My Past Bosses

My Bosses over 20 odd years

This one should be a super hit (as they say in Bollywood), as bosses and spouses are the most talked about (maligned?) people on earth.

Boss at the Ad Agency: A lady was my first boss at this workplace. I was a fresher, and I felt she did not make use of skills (ha!) that I had. But I did learn how to be pushy from her. She was not that good at her work, but adequate for a small agency that had no ambition. My (women) colleagues did not like her one bit, and my (male) colleague Sunil Jariwala who was in media, was also fairly cool. She wrote my first appraisal in my work life, and it was not flattering. I did not stay long enough for the second appraisal.

Market Research Company: At my second job, the bosses (three of them) I had (C.K. Sharma, Matthew Paul and Shyam Sunder) were some of the nicest guys on earth. They were very democratic, and being from a similar background as mine (an IIM), maybe, were understanding. They gave me challenging work to do, and appreciated good work when I did some. I was rapidly transferred to their biggest territory (Mumbai), and they were cordial even when I left to go to the U.S. I really enjoyed my work, though the pay was not so great.

My Ph.D. guide at Clemson (Mike Stahl) was great, a very focused guy, and but for him, it would have taken me much longer than three years. He was quick with feedback, and pushed for acceptance from other members of the committee if he was convinced. When I see some struggling doctoral students in India, I am reminded of my good fortune.

At Lander, my Dean Dale Molander was very respectful (because I could teach quant subjects?), and supportive. Quanti teachers got a lot of respect in the U.S. anyways. He was also a very straight-talking and easy-to-get-along-with guy.

My first Indian academic boss (A Jesuit Father): At Bhubaneswar, I was aghast when I attended my first faculty meeting. It was more like a discourse in a Sunday Mass, and the boss was unstoppable. Anyway, I got into a fight and left fairly quickly, but it bothered me for a long time, coming from a democratic system in the US where faculty even voted on critical matters. This guy was also vindictive, and left a bad taste in the mouth.

Boss at Hyderabad: An officer and a gentleman is how I would describe this guy, ex-Air Force officer and ex-faculty member at Administrative Staff College (ASCI), who saw us through the initial few years. We jelled well.It was a nice experience while it lasted- about three years.

Kirloskar Institute: Boss No. 1: He had pedigree (had been at IIMA for donkey’s years), and good teaching style, but was somewhat introverted. We got along fine, and I learnt how to invest in infrastructure (intellectual) from him. We had a great collection of Harvard cases, films and business books. One of the films we used there, called “Who Killed the Sale?” was a classic.  We also had great visiting faculty from IIMs and elsewhere. We also valued people- salaries were twice those at other colleges.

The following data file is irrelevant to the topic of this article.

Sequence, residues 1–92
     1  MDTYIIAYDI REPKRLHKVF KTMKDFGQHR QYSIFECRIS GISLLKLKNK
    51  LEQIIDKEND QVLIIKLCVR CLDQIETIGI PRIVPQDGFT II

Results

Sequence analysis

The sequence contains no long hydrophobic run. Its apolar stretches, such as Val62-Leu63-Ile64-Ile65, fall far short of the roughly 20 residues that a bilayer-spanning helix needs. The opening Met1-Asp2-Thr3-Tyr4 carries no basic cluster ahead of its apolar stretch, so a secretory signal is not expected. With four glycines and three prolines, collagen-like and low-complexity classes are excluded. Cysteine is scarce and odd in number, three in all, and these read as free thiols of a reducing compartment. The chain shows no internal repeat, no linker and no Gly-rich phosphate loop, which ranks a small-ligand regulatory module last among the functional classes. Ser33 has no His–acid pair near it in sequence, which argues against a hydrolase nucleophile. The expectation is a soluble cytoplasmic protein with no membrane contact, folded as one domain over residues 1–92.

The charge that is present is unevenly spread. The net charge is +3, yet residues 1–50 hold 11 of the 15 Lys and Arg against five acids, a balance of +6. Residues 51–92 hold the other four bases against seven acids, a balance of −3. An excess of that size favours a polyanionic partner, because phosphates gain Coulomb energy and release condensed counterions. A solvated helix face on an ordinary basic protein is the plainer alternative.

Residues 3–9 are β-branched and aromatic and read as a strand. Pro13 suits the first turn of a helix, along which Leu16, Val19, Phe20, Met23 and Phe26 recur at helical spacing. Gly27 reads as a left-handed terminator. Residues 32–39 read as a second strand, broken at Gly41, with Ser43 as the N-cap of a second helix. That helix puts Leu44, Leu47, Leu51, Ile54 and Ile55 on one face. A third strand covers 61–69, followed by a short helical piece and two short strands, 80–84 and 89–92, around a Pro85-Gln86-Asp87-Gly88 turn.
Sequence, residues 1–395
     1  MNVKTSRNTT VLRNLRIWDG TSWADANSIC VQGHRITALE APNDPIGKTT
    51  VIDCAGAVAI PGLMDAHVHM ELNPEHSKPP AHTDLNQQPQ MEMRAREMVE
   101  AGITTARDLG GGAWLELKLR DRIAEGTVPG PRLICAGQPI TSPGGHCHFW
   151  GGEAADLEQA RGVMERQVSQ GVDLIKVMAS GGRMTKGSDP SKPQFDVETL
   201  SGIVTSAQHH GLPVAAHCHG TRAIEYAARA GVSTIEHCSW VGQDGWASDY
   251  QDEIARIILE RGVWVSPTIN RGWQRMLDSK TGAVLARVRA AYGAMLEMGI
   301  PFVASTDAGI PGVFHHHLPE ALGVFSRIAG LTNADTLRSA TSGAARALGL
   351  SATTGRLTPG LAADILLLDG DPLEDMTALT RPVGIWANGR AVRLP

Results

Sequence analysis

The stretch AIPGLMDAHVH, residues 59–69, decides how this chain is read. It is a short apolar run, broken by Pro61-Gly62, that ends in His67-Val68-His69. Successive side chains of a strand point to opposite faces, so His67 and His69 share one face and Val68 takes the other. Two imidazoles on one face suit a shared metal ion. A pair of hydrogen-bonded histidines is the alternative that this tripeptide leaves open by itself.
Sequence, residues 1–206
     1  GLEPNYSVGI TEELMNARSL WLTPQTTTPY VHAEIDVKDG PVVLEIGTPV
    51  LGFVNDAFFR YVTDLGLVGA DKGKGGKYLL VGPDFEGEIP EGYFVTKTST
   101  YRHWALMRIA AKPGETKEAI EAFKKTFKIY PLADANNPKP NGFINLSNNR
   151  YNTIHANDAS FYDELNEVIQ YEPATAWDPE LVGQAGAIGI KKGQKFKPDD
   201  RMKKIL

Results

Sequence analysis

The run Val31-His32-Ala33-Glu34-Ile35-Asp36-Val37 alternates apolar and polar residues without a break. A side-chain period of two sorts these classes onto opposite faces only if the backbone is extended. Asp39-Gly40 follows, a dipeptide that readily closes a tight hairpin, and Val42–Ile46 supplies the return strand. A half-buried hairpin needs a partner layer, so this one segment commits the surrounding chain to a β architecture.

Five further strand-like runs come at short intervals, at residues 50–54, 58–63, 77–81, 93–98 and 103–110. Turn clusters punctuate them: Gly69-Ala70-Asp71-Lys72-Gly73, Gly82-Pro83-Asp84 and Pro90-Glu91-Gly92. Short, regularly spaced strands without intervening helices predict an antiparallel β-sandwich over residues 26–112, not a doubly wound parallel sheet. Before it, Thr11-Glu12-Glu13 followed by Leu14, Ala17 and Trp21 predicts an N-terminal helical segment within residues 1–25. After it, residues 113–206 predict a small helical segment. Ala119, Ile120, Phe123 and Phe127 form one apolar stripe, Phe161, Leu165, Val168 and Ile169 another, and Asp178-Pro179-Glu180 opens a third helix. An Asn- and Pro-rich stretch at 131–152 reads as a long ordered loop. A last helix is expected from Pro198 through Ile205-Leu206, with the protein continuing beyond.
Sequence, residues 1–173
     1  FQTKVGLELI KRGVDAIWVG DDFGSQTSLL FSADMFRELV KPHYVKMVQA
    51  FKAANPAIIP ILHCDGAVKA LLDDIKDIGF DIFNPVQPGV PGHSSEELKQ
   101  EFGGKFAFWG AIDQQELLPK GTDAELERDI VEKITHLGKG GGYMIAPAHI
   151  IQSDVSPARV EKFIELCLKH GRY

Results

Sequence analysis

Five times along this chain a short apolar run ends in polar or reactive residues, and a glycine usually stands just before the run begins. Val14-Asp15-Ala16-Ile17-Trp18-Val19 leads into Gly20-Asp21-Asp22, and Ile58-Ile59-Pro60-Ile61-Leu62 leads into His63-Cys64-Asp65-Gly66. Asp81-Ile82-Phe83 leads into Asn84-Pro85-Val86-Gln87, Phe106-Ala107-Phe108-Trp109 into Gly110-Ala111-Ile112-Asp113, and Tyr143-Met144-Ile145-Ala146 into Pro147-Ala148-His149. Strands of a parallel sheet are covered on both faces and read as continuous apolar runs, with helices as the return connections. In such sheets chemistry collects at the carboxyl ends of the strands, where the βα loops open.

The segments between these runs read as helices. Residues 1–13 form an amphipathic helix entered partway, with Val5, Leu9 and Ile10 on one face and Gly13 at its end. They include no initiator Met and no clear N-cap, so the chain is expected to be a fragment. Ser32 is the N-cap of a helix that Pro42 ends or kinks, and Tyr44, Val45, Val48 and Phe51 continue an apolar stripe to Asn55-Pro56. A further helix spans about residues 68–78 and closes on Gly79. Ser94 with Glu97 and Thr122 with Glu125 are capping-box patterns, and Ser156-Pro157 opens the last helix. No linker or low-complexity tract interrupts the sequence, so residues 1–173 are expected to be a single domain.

Boss No. 2: Though not as illustrious as his predecessor in management training, he was a great human being, respectful and nice to work with. He succeeded in getting an MBA program going at Harihar, and genuinely wanted the good of the institution and all stakeholders.

Boss No. 3: A devil incarnate, and my first inspiration to strike out as a director. Absolutely without scruples. I had the most altercations in my life with this guy, and I don’t think they had any impact on him, as his skin was too thick. Teflon coated, as U.S. president Reagan was once called.

At Lucknow: He was a director with a reputation for leadership, and I had no trouble at all from him. He had a lot of finesse in dealing with people, though it was apparent that there were many who did not approve of him. But then, a leader or anyone in an administrative position can rarely please everyone. One of his bad traits was getting less than qualified people to teach at IIML, but most IIMs were in dire straits for faculty, so maybe there was some good in that. I don’t know.

Other academic bosses: Boss No. 1: A very shrewd guy, managed his self-interest, but not that of his team. Did not have a clear plan for the institution, except claiming to be high and mighty. Lived on his past reputation, mostly.

Boss No. 2: Another inspiration for my directorial ambitions. Had a severe case of verbal diarrhoea, and people ran miles to avoid getting into the trap of his one-way communication. But a relatively ego-less guy, and therefore easy to get along with if you could tolerate the earlier-mentioned fault.

I become the boss: I also have a few (!) faults. I am the big-picture guy, not too target-oriented, tough, and so on, but I believe I am easy to work with (mostly), and concerned about an individual’s development. I also delegate extensively, and (I believe) give enough rope to people to hang themselves. I have no illusions of greatness (either mine or anyone else’s)- I believe we are all fallible.


Diamond Head said…
America is big on matrix orgs so the term boss is relative (pun intended) - except when it comes to getting that promotion or moolah. Intellect is a rare commodity.
Rajendra said…
ha, ha, I would second the second statement for a large majority of cases here as well.

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